As we near the close of 2011, I find it instructive to look back and see just how accurate my forecasts proved to be. At the start of the year I forecast three major shifts in thinking during 2011.
Firstly, I expected that we would experience a major security incident involving the integrity of critical national infrastructure – perhaps an easy forecast, given the discovery of Stuxnet in 2010. Yet surprisingly it didn’t happen. 2011 was perhaps a lucky year for CNI managers, but many insecure legacy systems continue to survive on borrowed time.
Secondly, I forecast that emerging security technologies, based on virtualisation and trusted computing, would encourage user organisations to develop non-traditional approaches to securing enterprise infrastructure. Unfortunately, as Bill Gates pointed out, we have a tendency to overestimate what happens in the short term and underestimate what comes to pass in the longer term. Many existing solutions were found wanting in 2011, but innovative alternatives have yet to be adopted.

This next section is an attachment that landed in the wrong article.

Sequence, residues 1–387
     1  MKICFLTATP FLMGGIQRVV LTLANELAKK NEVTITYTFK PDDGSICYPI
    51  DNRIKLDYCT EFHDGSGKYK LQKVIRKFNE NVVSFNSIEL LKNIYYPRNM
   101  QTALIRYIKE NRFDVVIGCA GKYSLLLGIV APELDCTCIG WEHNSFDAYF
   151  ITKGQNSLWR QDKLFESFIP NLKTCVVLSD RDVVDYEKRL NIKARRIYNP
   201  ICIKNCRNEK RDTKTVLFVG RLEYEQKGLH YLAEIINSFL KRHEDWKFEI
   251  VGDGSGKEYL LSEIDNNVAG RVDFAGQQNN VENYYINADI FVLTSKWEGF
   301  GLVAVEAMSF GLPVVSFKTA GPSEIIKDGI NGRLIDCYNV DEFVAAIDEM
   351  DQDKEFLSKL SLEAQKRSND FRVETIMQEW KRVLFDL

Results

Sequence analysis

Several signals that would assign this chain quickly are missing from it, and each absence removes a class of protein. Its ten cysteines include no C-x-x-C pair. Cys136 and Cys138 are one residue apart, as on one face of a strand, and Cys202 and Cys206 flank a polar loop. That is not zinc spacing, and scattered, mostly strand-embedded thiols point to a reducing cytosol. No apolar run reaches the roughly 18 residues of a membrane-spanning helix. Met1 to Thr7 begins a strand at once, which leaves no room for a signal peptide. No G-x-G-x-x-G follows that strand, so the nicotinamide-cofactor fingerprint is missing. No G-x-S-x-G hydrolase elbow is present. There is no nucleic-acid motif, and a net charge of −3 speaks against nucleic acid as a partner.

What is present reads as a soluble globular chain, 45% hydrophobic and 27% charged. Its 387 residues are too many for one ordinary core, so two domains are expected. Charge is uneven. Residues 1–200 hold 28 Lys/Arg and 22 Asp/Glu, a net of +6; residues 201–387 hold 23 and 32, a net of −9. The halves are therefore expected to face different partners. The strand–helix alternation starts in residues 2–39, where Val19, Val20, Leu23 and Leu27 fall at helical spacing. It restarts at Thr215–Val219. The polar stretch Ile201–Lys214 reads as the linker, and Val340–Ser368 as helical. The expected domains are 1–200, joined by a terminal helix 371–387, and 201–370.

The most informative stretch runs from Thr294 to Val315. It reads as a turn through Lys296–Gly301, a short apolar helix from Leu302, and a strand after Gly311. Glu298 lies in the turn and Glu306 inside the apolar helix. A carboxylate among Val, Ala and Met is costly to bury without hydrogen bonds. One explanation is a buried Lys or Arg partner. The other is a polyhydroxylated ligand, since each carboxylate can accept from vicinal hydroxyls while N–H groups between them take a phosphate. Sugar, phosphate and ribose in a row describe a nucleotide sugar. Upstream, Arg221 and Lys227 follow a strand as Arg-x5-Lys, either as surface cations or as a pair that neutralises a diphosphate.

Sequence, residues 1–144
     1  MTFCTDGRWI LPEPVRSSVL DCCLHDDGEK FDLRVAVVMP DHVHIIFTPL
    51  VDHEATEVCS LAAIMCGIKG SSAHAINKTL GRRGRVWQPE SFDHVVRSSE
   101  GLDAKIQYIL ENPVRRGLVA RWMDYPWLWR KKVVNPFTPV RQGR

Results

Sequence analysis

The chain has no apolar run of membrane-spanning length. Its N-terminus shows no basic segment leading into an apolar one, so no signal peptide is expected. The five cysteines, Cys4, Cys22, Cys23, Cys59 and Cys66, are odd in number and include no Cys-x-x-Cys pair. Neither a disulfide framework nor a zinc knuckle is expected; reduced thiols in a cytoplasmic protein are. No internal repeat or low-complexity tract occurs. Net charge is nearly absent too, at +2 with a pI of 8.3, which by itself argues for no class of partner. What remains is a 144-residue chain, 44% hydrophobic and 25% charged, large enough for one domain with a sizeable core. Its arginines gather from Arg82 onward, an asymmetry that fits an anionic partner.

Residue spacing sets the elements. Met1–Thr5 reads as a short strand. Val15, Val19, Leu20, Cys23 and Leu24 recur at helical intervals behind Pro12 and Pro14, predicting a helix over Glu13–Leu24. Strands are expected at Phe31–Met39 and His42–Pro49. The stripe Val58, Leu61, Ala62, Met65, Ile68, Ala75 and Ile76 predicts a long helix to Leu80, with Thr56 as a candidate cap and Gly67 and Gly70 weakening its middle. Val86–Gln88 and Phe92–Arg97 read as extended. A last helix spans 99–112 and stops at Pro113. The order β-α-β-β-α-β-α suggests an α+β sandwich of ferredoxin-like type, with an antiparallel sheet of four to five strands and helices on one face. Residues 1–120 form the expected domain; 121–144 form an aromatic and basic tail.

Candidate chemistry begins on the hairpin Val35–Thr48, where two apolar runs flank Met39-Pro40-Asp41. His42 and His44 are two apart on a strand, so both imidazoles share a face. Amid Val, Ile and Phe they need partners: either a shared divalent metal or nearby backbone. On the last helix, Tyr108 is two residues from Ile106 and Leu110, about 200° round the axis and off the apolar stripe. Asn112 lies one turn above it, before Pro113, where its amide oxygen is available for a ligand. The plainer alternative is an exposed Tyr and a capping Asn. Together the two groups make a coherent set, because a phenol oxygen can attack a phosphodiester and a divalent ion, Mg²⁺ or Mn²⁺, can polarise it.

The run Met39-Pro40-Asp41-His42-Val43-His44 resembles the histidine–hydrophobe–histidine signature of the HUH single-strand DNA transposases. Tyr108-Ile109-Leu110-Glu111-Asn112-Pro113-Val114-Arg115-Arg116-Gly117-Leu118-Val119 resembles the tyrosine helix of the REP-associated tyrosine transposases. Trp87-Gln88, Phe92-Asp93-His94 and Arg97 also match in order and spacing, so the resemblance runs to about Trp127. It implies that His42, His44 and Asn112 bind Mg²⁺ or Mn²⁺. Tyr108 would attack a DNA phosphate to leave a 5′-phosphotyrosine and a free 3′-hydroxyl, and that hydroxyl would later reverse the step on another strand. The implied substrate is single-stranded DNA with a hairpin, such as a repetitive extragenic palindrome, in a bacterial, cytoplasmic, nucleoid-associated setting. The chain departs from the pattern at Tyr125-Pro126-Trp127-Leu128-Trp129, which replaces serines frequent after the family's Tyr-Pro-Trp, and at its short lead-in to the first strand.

Thirdly, I predicted that we would finally see some action in response to the growing need to encourage small and medium enterprises to implement security. I’m pleased to say that this forecast was nearer the mark, with the launch of the ISSA-UK 5173 standard, the US Government “Small Biz Cyber Planner” and a host of vendor solutions from the likes of Qualys, Sourcefire and Dell.
I also suggested that 2011 could see the start of a revolution in security thinking, which would last for most of the next decade, a period that might prove to be a new age of enlightenment for information security. On this one I probably jumped the gun. I still believe this will likely happen, but not until next year, judging by the reaction I get from my lectures to universities and conferences.